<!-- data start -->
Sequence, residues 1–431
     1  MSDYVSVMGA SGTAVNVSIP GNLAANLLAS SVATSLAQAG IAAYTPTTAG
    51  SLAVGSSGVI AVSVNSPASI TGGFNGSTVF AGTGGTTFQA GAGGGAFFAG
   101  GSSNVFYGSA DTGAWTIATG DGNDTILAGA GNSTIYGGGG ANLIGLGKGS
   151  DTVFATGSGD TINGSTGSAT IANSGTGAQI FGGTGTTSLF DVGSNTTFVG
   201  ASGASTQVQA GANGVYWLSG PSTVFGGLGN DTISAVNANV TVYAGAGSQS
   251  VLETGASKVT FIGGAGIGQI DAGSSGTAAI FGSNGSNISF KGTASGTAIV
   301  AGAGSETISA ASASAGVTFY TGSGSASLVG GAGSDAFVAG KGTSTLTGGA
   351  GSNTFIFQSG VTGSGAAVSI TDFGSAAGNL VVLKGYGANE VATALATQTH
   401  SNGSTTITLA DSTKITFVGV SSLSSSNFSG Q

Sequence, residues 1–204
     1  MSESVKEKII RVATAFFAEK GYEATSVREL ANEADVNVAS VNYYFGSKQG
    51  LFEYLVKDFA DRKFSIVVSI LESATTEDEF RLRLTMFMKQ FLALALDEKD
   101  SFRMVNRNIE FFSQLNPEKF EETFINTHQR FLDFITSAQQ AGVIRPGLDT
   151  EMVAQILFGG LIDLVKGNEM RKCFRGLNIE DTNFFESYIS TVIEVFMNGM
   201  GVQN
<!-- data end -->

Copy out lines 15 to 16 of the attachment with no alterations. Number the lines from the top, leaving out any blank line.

   151  EMVAQILFGG LIDLVKGNEM RKCFRGLNIE DTNFFESYIS TVIEVFMNGM
   201  GVQN